I will attempt up to 3 successive shock attempts before terminating the effort. When it hasn’t been successful, there is usually some secondary cause. For example, a patient with atrial fibrillation who didn’t respond to cardioversion was later found to have a PE.
Give these patients urgent rate control. They are risk-stratified according to risk of thromboembolic disease and anticoagulated as needed.
We are experts in sedating patients. Electrical cardioversion, is safe!
Hijinio Carreon DO
Special thanks to Dr. Rob Orman for his contribution on this Blog post
1. Stiel, IG et al. Association of the Ottawa Aggressive Protocol with rapid discharge of emergency department patients with recent-onset atrial fibrillation or flutter. CJEM. 2010 May;12(3):181-91.
2. Von Besser, K et al. Is discharge to home after emergency department cardioversion safe for the treatment of recent-onset atrial fibrillation? Ann Emerg Med. 2011 Dec;58(6):517-20. doi: 10.1016/j.annemergmed.2011.06.014. Epub 2011 Jul 29.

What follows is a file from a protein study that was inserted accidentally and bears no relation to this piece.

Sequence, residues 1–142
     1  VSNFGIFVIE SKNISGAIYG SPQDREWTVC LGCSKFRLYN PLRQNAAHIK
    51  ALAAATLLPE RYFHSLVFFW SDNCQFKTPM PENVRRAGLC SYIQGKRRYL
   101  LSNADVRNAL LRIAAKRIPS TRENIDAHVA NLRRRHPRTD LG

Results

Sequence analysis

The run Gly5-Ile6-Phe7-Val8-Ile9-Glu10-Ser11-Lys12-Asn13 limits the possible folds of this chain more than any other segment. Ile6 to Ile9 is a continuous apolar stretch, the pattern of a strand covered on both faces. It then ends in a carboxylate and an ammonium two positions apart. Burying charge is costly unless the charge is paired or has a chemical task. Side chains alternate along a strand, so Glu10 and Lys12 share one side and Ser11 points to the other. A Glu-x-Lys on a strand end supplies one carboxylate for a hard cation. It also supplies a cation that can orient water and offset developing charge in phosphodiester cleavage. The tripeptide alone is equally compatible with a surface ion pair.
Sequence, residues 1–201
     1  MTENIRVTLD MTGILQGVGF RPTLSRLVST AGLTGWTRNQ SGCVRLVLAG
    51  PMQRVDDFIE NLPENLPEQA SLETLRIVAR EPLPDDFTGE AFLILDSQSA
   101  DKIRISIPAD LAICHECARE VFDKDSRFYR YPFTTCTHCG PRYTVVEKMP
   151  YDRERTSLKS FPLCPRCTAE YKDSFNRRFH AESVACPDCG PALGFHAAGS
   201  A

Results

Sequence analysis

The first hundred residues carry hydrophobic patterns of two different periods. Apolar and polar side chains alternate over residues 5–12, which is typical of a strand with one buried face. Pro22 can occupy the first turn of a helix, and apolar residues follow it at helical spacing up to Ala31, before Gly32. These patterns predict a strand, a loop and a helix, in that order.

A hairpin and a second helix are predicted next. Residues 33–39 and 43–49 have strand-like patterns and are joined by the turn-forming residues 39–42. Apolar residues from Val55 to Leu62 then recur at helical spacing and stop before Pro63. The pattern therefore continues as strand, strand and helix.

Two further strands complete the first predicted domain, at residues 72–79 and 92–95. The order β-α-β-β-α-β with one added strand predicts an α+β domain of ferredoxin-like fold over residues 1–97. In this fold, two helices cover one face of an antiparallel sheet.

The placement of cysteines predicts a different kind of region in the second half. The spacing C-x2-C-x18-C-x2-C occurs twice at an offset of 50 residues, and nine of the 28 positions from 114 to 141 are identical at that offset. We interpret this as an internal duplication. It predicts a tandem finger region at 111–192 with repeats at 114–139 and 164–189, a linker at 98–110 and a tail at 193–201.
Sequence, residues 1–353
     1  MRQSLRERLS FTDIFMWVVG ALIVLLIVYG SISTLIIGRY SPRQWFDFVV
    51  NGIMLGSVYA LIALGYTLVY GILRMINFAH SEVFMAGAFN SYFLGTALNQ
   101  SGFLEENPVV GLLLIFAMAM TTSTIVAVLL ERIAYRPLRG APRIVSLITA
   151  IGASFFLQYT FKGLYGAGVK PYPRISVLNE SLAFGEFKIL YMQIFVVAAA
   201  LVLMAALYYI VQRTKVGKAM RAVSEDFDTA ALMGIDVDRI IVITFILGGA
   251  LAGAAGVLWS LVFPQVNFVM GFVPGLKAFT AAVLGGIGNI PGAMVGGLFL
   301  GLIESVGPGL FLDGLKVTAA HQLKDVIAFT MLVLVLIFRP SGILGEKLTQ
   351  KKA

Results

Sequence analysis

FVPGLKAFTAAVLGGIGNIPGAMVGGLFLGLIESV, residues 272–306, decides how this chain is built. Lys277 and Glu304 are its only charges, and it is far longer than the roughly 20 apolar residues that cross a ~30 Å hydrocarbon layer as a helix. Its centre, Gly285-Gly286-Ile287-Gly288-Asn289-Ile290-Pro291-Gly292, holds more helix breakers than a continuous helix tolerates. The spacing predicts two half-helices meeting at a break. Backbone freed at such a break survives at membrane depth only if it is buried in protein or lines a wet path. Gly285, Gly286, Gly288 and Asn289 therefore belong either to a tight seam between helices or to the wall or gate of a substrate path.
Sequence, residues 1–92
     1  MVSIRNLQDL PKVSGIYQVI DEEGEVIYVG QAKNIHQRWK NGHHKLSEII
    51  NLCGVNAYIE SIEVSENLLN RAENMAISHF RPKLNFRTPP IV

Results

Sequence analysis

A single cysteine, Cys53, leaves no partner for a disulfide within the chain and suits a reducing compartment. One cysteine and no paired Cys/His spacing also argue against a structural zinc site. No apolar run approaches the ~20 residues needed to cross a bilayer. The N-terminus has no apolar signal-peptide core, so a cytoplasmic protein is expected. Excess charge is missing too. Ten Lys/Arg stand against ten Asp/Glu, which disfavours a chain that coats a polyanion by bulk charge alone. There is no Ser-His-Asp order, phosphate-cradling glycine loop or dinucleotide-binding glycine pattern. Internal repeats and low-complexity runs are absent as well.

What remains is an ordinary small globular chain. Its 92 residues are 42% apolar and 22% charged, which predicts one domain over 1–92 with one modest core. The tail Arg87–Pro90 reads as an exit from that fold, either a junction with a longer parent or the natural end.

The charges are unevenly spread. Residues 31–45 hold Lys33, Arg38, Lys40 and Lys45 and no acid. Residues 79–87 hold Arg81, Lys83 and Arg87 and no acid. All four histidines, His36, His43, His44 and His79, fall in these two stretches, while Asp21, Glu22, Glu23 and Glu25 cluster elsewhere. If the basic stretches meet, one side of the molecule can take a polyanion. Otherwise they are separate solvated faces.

3. Weigner, MJ et al. Risk for clinical thromboembolism associated with conversion to sinus rhythm in patients with atrial fibrillation lasting less than 48 hours. Ann Intern Med. 1997 Apr 15;126(8):615-20. PMID:9103128
4. Blecher, GE et al. Use of rate control medication before cardioversion of recent-onset atrial fibrillation or flutter in the emergency department is associated with reduced success rates. CJEM. 2012 May;14(3):169-77.
5. Nuotio, I et al. Time of cardioversion for acute atrial fibrillation and thromboembolic complications. JAMA. 2014 Au 13;312(6):647-9. PMID: 25117135
6. Singer DE et al. Antithrombotic therapy in atrial fibrillation: American College of Chest Physicians Evidence-Based Clinical Practice Guidelines (8th Edition). Chest. 2008 Jun;133 (6 Suppl):546S-592S. doi: 10.1378/chest.08-0678.